AFHstudioBK at 269 Powers St. is proceeding apace! I'm mostly focusing on mid-size pieces in 3-4' range on the big easel plus Topos and 1-2' sizes on the small easel. The second 4D VyNIL series is titled WorkNet and the latest piece begins to clarify the shift from Network. Here's a sampler of work finished in the new space so far:
On the virtual art marketing front, I launched the AFH Vango store. I uploaded a couple dozen 4D VyNIL pieces and eventually will add the remainder. I wanted to gauge any initial push/bump/run effect via the Netflix-like UI for collectors. So far, nada, which was a little disappointing. You can be certain I will be monitoring all the action at Vango, because I'm pretty jazzed about the platform. It's certainly easy to navigate, on the back-end, with a great array of powerful tools built-in. First impressions: Vango provides a software-based intermediation between artist and client. We have researched all the major platforms and chose Vango to try first. I was an early adopter/user of Ebay, Saatchi, Etsy and did not find any of those marketplaces to be particularly humane models for the exchange of art. Vango does make the effort to appeal to the artist-user on some outreach tools. The focus is on selling and the diagnostics are cool. The start-up vibe is still in the Vango system. As opposed to the present-day Saatchi, which I think is the big mover in the field. The variances among the stores are notable, and comparing the divergent approaches is helpful. Artsy, UGallery, Fine Art America - and there are plenty of others - either orient to artist or collector, and every market sets sights on a niche, appeals to its clientele via price point and message. The range is pretty much still open. No one (Saatchi and others wanted to initially) has cornered the online art market, because "ART" is hard to corner. The vertical and horizontal measures of the art world propel a vortex of confusing counter-positions, especially if you add the Internet into the mix. High- and low-, scarcity, de-skilling, provenance, aesthetics and on and on ~ LULZ! Anyway, the AFH blitz is just getting started...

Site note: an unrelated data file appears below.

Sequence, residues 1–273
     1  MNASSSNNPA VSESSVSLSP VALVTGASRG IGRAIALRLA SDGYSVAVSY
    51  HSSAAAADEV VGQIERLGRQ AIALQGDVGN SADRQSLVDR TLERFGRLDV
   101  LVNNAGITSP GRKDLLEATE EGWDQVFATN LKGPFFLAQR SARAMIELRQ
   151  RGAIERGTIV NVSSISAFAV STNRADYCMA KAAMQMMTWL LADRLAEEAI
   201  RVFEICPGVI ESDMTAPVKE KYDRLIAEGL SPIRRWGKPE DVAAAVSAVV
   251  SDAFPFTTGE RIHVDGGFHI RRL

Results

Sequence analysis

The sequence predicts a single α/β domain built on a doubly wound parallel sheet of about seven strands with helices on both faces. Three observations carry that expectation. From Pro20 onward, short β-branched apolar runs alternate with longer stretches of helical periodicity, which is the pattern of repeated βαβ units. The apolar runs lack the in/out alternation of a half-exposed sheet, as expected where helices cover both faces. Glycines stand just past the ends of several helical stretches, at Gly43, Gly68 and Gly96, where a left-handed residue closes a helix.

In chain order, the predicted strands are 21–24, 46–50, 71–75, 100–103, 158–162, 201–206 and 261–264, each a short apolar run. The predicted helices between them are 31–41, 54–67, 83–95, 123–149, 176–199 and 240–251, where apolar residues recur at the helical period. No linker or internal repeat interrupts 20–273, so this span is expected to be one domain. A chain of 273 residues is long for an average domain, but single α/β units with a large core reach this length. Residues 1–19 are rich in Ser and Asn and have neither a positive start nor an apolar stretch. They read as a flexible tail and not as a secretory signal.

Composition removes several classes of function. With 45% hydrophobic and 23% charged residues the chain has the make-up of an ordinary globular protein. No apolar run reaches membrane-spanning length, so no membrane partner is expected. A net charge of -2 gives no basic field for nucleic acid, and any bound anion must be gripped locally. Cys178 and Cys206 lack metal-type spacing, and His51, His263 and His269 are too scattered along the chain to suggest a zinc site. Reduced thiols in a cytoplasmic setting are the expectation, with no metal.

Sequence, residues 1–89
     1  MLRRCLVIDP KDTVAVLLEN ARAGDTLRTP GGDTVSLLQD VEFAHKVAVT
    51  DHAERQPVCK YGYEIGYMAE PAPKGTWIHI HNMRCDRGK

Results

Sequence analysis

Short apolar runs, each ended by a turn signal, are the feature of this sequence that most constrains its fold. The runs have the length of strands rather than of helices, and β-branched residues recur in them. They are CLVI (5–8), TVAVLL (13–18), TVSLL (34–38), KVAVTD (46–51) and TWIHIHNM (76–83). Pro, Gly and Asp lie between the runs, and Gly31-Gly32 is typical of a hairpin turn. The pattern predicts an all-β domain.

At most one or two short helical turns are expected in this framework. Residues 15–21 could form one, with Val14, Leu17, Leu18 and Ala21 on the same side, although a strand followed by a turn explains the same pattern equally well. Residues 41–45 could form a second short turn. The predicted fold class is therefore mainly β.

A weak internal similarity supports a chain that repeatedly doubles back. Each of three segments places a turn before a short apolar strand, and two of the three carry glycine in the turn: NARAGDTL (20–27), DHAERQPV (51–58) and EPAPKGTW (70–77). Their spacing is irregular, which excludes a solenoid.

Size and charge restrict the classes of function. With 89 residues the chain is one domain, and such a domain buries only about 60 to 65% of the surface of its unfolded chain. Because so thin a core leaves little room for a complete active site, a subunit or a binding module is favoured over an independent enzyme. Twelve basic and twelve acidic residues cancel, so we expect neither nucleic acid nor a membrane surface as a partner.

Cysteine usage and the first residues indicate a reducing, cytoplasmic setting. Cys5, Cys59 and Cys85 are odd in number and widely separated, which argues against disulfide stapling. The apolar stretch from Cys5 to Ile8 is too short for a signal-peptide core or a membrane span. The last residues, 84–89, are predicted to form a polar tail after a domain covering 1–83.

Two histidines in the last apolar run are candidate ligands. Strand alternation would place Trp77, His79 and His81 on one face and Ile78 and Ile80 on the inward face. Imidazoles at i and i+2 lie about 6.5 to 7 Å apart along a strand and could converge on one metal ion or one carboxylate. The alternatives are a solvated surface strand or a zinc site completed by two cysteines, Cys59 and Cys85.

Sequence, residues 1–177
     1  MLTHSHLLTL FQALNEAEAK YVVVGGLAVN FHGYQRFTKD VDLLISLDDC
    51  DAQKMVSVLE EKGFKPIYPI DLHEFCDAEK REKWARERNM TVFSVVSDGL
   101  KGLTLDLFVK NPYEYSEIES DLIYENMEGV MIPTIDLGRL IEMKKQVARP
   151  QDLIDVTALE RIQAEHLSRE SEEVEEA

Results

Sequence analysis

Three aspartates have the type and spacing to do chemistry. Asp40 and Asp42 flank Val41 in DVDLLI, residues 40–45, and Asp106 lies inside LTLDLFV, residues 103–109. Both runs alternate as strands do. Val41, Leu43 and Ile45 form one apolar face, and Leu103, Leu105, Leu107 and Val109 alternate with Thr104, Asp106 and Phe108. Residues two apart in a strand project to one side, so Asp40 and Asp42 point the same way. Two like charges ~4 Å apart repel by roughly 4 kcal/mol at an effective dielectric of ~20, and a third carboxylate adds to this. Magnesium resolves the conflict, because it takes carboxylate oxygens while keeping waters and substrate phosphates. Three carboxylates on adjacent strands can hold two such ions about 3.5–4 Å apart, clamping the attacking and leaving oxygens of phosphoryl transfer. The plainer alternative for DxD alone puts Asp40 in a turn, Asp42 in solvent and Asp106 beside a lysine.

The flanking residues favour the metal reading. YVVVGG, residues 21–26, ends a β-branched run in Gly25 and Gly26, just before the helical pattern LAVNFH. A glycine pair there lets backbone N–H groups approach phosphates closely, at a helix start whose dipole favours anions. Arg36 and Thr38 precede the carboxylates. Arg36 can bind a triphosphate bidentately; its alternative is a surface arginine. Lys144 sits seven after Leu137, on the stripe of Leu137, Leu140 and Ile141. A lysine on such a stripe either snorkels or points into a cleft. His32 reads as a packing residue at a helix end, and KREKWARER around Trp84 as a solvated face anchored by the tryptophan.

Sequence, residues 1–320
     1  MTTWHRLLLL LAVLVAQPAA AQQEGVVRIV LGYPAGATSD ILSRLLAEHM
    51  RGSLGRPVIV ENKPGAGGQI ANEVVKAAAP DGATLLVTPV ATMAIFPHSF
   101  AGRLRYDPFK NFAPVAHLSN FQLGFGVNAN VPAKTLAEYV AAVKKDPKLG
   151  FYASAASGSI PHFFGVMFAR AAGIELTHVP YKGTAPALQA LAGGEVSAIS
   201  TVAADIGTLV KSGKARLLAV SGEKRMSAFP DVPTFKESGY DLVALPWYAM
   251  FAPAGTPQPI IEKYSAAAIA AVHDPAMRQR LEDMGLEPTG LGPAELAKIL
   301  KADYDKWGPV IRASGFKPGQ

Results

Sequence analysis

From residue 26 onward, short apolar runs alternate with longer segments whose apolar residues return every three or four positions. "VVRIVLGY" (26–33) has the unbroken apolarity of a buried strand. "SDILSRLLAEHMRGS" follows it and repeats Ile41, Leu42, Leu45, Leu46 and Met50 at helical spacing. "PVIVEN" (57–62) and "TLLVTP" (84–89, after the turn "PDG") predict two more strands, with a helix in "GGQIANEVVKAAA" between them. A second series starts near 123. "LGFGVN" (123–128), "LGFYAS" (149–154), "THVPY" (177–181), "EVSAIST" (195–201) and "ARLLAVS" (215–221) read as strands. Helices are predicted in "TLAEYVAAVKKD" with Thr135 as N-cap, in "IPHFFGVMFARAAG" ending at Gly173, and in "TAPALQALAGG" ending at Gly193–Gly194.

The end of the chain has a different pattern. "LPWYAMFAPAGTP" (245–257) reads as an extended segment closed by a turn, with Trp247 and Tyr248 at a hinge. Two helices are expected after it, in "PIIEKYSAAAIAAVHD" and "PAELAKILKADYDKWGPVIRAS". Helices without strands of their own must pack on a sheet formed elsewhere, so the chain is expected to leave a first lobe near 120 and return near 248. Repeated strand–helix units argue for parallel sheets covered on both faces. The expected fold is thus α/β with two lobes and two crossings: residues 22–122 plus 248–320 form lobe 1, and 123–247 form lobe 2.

I joined Monegraph yesterday. I will begin building a catalog of digital art there later this month. Excited! I have known the CEO Kevin McCoy (and his wife/collaborator Jennifer) since 2006 or -7, when they were visiting artists at CGU. Great people! Amazing artists! I plan to migrate digital art sales to this pioneering platform, which utilizes blockchain technology to establish provenance for the artz. Kevin was recently featured on ArtFCity podcast Explain Me covering art, blockchain, bitcoin + Monegraph & more. I somehow missed that Kevin was involved when the company launched a few years ago, pursuant to a Rhizome 7 on 7 presentation at New Museum. I'd followed Monegraph since then but hadn't Kevin & the project together - maybe because my profile for him was strictly artsy. Stay tuned!
Later in May we will launch a parallel platform to serve primarily as the AFH dedicated marketplace, a clearinghouse of sorts, the site you can visit to get a better perspective on how the virtual and actual business of selling artwork and projects fold into the rest of our program here. As this iteration of AFH progresses the components will show more and cleaner integration and their scales of value(s) and meaning will clarify. The operations of the network are built to have an all-directional facet. The models in this post illustrate the conceptual design.
I'm posting regularly to AFH Medium, to AFH Facebook, to AFH Twitter, Google+ (which is becoming a links page), Instagram (@valubl), and less frequently to YouTube, Pinterest, the Tumblrs and other soc.med vehicles. I am hoping to do more with the Tumblrs, reactivating a half-dozen in earnest by mid-May/early-June. These include Real.Pure.Digital, No Art in Hell, Transthesis, Not-Artists, and maybe the Occupational Art School. I reached out to the AFH FB to discover whether there might be interest in a 4D+ course for May-June. I will decide yea/nay on the project in the next week or so. Though it won't be an OAS joint, it will be in the vein of OAS. FYI: SmugMug has acquired Flickr, and I have until May 25 to decide whether I will stay with Flickr/SmugMug or liquidate that (huge) AFH archive, which now contains almost 125,000 images. Wow. A lot has changed over the past several years. It is peculiar to be re-entering the field of the virtual social at the moment it hits a wall of scrutiny, and to witness the major players, but more importantly, the business model, crash through the wall with nary a scratch, aside from a bit of temporary stock volatility. I find it telling that the business of data, communications, media, content, etc., survives huge and consistent hacks, discovery of links to a burgeoning international surveillance state, exposure of its most egregious exploitation/extraction schemes, etc., and yet barely flinches. Serious Power props up the status quo, no doubt. I am practicing restraint, limiting my commentary to a minimum, because real change will require a wholesale revamping of the OS. A move like that requires deep and abiding motivation. Opposition to Big Change will be severe, most likely. Practically speaking, as a matter of speculation, all the action required is putting the Grid to OFF mode. Ask Puerto Rico. Wouldn't it be great, if We (the People) chose a less convulsive and devastating route?